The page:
Is anger good for a relationship?
It can be if you skip the blaming, yelling and screaming.
Conventional wisdom has it that anger is destructive to relationships. But the empirical evidence tells a different story. In a study by Howard Kassinove of Hofstra University and his colleagues, when about 750 people were asked to think about recent anger episodes in close relationships, over half (55 percent) reported positive outcomes.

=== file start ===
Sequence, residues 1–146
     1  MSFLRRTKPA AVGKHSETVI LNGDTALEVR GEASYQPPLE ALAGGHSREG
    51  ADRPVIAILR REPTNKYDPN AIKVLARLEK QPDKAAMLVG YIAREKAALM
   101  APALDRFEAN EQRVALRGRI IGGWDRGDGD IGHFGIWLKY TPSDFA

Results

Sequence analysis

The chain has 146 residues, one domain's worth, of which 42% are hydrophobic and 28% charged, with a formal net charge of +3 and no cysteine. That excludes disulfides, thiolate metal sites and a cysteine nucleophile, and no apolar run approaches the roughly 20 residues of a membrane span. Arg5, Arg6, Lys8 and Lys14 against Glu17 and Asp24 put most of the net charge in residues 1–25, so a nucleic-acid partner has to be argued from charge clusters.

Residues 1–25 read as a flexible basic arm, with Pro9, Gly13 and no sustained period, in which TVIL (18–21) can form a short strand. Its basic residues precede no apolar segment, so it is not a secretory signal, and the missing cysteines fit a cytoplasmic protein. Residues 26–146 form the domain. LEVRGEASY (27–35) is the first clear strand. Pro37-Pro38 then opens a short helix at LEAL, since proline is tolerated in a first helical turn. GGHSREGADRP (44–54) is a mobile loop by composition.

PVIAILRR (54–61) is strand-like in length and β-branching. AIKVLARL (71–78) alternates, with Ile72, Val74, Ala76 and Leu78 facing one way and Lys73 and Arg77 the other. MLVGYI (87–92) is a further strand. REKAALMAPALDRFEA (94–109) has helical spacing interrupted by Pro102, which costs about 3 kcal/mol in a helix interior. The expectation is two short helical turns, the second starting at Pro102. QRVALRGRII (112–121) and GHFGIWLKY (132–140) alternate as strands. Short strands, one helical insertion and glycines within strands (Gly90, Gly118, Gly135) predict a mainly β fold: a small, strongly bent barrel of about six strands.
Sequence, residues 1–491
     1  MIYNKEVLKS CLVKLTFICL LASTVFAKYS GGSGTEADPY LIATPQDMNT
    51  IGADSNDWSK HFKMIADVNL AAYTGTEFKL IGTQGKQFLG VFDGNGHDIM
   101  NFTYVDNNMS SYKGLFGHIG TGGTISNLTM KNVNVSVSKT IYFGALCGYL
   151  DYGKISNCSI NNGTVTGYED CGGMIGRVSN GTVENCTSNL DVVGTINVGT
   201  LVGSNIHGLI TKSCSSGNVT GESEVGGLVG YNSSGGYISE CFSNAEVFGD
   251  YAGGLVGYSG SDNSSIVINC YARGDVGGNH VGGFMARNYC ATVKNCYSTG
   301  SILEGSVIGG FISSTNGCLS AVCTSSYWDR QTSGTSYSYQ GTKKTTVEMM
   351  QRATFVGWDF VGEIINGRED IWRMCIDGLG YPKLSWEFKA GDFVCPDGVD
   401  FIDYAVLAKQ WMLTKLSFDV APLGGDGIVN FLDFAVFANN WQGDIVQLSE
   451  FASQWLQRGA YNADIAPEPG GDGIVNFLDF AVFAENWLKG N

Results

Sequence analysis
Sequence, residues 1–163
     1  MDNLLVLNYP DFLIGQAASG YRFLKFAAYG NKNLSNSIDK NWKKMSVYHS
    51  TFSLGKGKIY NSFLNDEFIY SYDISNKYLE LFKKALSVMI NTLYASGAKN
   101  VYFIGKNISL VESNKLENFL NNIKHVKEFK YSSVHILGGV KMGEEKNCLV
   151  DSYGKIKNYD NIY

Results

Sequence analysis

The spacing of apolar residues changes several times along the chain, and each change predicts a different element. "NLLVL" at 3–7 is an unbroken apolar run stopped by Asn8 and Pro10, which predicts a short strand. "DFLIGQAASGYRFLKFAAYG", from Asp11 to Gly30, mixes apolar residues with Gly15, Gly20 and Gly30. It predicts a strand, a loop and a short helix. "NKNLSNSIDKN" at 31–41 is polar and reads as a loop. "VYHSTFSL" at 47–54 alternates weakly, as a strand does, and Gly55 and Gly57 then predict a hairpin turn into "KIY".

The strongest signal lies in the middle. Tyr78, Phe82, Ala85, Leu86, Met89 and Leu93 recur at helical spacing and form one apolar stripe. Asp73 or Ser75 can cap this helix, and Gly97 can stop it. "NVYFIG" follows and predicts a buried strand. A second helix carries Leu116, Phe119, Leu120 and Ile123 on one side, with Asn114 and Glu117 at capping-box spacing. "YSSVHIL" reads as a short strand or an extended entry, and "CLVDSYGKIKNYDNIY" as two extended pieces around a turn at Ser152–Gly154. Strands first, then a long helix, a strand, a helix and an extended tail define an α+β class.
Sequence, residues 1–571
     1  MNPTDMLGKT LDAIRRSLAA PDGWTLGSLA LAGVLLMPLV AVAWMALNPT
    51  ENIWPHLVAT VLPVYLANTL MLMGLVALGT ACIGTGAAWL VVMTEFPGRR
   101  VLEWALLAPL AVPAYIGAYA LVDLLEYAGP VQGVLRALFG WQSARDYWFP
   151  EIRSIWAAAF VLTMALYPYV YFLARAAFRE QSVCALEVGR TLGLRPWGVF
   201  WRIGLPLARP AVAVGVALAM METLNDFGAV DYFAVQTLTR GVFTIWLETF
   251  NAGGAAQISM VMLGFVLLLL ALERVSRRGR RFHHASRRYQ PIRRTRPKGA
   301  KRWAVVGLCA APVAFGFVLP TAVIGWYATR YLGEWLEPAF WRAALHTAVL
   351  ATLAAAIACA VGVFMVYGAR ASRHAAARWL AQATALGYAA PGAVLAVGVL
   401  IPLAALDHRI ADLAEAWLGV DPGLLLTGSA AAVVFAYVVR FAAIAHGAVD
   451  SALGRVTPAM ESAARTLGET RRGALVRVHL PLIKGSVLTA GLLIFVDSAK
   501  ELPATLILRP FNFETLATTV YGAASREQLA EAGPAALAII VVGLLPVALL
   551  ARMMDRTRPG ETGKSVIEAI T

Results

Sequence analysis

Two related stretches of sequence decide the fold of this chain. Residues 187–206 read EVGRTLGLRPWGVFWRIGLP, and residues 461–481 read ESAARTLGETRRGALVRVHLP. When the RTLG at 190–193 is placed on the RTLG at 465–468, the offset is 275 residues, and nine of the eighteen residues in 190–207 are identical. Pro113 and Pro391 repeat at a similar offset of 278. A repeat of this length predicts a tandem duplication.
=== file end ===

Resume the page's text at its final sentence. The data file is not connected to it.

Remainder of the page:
What seems to matter most for anger’s success in the relationship arena is how it’s experienced and expressed. In another study by Kassinove and his colleagues Raymond Tafrate and Louis Dundin of Central Connecticut State University, people who experienced dysfunctional thinking patterns during their anger episode (including things like being excessively demanding and blaming) reported worse outcomes. These thought patterns are associated with a set of even more dysfunctional behaviors, such as yelling and screaming, which do nothing to help the situation. But those who experienced anger in the absence of these dysfunctional thoughts and behaviors were twice as likely to report long-term positive outcomes.
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